## Abstract

This paper presents a framework for evaluating the relative contributions of different creditors in cases where only partial payments can be made by the debtor country. A methodology is developed to calculate partial payments—or, alternatively put, to determine residual financing. By focusing on the relative seniority of creditors and expectations of the debtor’s ability to repay, alternative sharing rules are quantified. The measure is based on the expected present value of payments. Creditors earning a below-market rate of return suffer a burden; creditors earning the same rate of return are said to share the burden equally.

This note examines burden sharing among creditors. The introduction of market-based debt reduction programs has made financial relationships between debtor countries and their official and private creditors much more complex. Because official and private creditors typically hold very different types of financial claims on debtor countries, it is difficult to evaluate their respective contributions to a financing package. The main objective of this note is to provide a simple framework that might serve as a useful first step in addressing this important issue.

The need for such a framework is most apparent in cases where the debtor is expected to require additional financing. In this case, the values of the debts owed to creditors are interdependent, and it is natural for a creditor to consider the behavior of other creditors before committing to a financing plan. Suppose, for example, that feasible payments by the debtor are uncertain and that, without new credits, payments are likely to fall below contractual obligations at some point. It is necessary in such cases to be able to distribute partial payments—or, put another way, distribute the residual financing—according to some criterion. Among private creditors the “sharing” of partial payments is typically spelled out in each loan agreement. “Sharing” among official and private creditors, however, is not usually set out in existing contracts explicitly, or if such provisions exist, they may be conflicting.

The lack of a widely accepted analytical framework has led official observers to view the reluctance of commercial banks to provide “new money” as a failure to share the “burden” of financing. At the same time, others have argued that because banks have assumed the “burden” by participating in market-based debt reduction programs where they have often purchased debt at substantial discounts, they cannot be expected to provide additional financing. This note explores the analytical issues raised by such statements.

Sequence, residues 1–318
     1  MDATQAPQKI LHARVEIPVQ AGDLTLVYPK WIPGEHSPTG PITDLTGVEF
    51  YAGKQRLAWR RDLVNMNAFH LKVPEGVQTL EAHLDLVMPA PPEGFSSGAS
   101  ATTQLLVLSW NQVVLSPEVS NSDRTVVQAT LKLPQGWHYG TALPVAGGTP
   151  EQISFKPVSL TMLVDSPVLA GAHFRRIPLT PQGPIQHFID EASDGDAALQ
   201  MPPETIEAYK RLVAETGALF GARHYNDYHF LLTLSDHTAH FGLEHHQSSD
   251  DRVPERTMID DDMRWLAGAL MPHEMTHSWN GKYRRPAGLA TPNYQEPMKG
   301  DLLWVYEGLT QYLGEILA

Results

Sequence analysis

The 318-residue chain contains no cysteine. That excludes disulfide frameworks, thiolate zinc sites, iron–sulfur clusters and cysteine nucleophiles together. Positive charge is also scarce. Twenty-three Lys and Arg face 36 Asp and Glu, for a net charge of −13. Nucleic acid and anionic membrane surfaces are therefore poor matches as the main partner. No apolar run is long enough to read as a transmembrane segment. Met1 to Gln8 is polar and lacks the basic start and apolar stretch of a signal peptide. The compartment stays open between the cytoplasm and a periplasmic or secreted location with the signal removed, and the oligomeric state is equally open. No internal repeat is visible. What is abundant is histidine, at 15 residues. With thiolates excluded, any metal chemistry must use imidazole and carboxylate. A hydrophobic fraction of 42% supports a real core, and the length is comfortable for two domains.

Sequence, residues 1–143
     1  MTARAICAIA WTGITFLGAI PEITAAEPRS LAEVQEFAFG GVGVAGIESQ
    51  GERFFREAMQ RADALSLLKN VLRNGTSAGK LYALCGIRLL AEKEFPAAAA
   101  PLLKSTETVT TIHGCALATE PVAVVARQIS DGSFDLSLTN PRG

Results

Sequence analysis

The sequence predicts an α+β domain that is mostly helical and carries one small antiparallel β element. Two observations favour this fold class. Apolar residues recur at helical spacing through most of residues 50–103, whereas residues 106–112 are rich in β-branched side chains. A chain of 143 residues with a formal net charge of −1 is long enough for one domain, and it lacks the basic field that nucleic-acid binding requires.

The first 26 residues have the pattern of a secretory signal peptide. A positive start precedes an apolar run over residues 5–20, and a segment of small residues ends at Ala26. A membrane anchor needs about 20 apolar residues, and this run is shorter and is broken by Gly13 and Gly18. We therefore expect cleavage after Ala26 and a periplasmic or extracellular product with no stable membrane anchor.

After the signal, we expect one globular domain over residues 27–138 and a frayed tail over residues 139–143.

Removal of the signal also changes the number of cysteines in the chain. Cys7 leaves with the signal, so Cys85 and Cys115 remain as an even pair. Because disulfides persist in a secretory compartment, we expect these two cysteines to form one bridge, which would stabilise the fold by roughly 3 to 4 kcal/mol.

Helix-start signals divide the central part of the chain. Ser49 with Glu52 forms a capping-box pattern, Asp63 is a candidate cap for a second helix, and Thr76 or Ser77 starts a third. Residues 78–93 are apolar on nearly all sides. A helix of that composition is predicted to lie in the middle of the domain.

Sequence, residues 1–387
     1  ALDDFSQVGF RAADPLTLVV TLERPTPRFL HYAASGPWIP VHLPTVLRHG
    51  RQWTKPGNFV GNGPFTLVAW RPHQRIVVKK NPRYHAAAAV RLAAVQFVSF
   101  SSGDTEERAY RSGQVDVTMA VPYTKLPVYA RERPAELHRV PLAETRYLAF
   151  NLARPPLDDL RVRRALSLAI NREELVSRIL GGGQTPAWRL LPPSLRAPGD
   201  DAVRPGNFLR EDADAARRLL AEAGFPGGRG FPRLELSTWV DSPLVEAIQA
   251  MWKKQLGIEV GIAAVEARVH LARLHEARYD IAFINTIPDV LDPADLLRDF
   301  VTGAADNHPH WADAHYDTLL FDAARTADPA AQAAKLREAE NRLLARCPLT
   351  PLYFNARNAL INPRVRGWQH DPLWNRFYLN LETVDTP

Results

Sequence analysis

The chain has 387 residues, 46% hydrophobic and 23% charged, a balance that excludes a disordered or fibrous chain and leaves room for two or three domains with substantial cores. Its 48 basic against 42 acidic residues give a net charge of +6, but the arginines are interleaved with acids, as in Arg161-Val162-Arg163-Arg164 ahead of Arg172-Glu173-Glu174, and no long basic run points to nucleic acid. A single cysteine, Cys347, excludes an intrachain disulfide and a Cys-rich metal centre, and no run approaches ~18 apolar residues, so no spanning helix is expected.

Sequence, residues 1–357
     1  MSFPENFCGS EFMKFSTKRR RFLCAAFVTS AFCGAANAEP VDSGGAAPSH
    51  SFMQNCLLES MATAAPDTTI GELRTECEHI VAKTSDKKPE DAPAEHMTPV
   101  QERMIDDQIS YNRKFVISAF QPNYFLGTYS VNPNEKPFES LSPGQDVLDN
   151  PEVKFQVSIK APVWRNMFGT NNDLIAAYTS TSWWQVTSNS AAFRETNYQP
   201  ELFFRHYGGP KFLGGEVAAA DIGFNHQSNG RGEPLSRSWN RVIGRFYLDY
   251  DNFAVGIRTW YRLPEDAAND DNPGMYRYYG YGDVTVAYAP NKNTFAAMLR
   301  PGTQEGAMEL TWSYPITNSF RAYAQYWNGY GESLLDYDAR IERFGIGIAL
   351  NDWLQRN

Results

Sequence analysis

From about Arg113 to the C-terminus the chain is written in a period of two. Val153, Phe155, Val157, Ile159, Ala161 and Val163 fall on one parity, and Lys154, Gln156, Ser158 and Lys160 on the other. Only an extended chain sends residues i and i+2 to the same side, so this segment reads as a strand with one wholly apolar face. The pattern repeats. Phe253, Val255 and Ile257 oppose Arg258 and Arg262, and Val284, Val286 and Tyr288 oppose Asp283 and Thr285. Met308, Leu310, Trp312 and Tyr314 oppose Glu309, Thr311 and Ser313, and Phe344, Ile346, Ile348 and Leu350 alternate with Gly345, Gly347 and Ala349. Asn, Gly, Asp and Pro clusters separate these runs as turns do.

The framework developed below provides a quantitative measure of the financial consequences of alternative sharing rules for creditors. This measure necessarily fails to consider some important aspects of the problem. The main limitations of the exercise are the strong assumptions about the relative seniority of creditors, about financing arrangements, and about the expectations of the debtor’s ability to repay. Nevertheless, the methodology presented sheds light on how “burden sharing” might be usefully appraised.

The measure proposed is based on the idea that each creditor’s relationship with the debtor is summarized by the rate of return earned on the *market* value of the creditor’s initial claims on the debtor. In cases where there is no observable market value, the analogous measure would be the *expected* present value of payments to the creditor. This is necessarily a subjective measure and one that plays an important role in the analysis. The return on the market or expected value of a creditor’s initial stock of claims includes capital gains as well as all payments and receipts undertaken. The latter include debt service payments as well as “new money” lending and buy-backs or swaps. A creditor is said to suffer a *burden* if this rate of return is less than that available on an alternative safe asset. Creditors earning the same rate of return share the burden, if any, equally.

## I. Methodology

Equation (1) defines how the rate of return is calculated. It shows which parameters are important in determining how a burden is shared among creditors and how a quantitative measure can be calculated for a particular country.